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Hope You're following "Farewell to Ice" discussion 
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Post Hope You're following "Farewell to Ice" discussion
A plug for the book discussion Robert is leading. If you haven't been reading his chapter summaries, you should, because they give the essential information from Peter Wadhams' book. The topic could hardly be more important. Put Robert's summaries together and you have an excellent "book in brief," a great time-saver for you.



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Post Re: Hope You're following "Farewell to Ice" discussion
Thanks very much DWill. I agree this topic of Arctic warming could hardly be more important in terms of the existential situation of the future of our planet.

There is a basic philosophical agenda that I am pursuing in this discussion, the implications of taking a systematic approach to reality. Systematic thinking involves identifying axiomatic beliefs and examining their logical implications. Looking at the effects of Arctic warming on climate change, two propositions can be considered as axiomatic.

The first axiom is that our planet exists as described by science. This might seem a simple and obvious claim, but it is important to start with things that are simple and obvious in order to build more complex arguments. In this case, the problem is that cultural politics generally overrides scientific description as a basis for prevailing social values and decisions, so most people do not in fact accept this axiom as having any importance. However, as the California Governor just said, nature bats last and nature bats 1000.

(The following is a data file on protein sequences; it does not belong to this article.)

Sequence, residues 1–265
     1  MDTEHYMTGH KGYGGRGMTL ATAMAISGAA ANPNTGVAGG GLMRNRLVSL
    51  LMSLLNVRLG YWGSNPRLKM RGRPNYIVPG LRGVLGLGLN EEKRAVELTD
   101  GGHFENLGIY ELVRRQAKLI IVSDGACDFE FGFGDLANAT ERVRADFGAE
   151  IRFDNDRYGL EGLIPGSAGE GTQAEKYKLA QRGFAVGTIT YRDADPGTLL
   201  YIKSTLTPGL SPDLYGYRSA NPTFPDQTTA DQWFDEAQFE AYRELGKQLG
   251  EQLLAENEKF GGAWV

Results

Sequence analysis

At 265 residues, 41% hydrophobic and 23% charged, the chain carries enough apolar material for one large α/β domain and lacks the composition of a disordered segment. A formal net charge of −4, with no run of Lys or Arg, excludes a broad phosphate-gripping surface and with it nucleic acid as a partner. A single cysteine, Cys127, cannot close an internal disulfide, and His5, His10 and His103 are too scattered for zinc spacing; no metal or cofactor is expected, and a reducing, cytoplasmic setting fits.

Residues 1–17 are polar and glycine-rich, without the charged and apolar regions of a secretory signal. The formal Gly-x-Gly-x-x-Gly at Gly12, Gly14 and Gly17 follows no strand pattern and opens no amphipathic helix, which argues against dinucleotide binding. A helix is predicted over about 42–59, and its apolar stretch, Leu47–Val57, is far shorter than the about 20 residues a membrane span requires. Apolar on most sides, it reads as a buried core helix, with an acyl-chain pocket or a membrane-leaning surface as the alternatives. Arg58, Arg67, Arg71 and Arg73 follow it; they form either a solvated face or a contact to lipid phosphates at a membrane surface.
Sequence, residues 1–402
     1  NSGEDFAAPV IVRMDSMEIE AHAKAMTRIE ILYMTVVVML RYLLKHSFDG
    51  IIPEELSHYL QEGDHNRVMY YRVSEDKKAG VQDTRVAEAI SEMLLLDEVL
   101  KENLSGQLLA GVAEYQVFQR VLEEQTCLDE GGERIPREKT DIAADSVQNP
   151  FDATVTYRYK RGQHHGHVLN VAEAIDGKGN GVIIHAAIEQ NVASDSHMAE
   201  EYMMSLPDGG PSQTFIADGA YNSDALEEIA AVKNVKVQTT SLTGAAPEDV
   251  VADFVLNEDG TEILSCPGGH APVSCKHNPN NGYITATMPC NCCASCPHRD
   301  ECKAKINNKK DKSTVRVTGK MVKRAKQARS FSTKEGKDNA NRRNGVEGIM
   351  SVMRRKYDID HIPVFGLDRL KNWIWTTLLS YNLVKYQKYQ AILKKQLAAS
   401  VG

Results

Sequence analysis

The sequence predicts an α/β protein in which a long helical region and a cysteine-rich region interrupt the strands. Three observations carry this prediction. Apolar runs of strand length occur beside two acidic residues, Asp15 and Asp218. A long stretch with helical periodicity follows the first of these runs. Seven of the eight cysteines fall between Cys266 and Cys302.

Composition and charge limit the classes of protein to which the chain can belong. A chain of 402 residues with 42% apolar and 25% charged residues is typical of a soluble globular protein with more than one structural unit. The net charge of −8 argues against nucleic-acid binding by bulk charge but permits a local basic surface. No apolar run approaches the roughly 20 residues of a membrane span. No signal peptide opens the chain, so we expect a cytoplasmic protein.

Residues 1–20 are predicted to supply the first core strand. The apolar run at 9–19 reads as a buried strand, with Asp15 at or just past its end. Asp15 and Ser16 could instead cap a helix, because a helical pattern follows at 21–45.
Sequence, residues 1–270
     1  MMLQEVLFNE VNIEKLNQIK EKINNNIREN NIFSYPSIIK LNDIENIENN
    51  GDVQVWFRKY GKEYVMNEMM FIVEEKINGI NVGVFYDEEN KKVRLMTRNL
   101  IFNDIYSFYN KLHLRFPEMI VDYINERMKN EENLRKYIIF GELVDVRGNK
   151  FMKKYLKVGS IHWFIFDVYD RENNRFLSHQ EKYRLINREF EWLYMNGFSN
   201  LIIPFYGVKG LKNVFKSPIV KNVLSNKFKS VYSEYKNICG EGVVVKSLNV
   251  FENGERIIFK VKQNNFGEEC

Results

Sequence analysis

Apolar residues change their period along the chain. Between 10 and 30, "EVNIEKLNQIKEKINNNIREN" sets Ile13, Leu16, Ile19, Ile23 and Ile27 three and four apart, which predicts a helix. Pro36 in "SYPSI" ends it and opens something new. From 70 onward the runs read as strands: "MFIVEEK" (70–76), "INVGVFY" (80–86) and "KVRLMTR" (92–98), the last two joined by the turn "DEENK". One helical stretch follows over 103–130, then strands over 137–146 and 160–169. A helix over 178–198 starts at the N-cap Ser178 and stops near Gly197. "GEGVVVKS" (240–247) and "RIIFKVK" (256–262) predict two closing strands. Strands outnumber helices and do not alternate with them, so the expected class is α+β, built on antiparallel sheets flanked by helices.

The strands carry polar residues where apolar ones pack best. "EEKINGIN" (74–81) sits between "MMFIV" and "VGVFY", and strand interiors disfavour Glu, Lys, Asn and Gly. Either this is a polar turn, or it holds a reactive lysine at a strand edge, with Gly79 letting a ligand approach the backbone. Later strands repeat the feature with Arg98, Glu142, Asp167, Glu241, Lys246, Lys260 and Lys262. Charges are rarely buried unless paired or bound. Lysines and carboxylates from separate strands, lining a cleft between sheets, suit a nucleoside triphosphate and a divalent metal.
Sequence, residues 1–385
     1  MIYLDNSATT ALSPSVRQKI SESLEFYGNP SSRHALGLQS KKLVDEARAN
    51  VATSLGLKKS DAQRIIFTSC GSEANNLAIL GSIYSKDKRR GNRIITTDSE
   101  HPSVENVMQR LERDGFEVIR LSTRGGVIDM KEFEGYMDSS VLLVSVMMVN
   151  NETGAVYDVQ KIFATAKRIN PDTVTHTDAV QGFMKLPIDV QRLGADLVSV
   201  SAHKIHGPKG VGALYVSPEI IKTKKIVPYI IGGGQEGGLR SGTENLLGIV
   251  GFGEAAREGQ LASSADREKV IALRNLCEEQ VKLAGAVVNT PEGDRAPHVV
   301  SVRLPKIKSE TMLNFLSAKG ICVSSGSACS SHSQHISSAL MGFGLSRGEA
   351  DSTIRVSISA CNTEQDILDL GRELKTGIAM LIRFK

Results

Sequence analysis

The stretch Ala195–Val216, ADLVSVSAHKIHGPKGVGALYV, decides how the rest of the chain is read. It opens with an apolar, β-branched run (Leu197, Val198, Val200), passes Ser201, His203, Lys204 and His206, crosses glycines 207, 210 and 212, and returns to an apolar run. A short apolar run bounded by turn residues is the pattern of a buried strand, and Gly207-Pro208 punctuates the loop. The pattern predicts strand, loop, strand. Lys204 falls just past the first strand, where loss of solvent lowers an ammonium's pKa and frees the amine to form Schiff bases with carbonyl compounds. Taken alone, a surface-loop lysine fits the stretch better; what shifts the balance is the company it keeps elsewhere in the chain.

The factual existence of the Arctic and its status as a 'canary in the coalmine' for climate change and global warming flow directly from the axiomatic status of scientific observation. With the Arctic warming at double the speed of the whole planet, it is a highly fragile and sensitive indicator of the grave security peril of climate change.

The second axiom for systematic philosophy is that human flourishing is good. Our shared human perspective as part of the amazing complexity of modern civilization requires the proposition that sustaining and enhancing global human existence is a core ethical goal. That is not at all to suggest that humanity could flourish in a collapsing ecosystem. The conventional religious thinking of human dominion over nature cannot be sustained. Rather, assessing the scientific preconditions for humans to flourish on our planet leads to recognition that an integral ecology is necessary to enable society to prosper.

Integral ecology sees culture and nature as intimately entwined, and logically leads to a revision of conventional Christian dominion thinking. Integral ecology means seeing culture as part of nature, seeing wise stewardship of natural resources as core to ethics, focussing equally on natural and social values, seeing evidence and logic as moral values, and recognising biodiversity conservation as a sacred duty. Such new thinking sees the alienation from nature inherent in supernatural fantasy as a moral problem, and recognises climate change as a primary planetary problem for strategy, security and stability.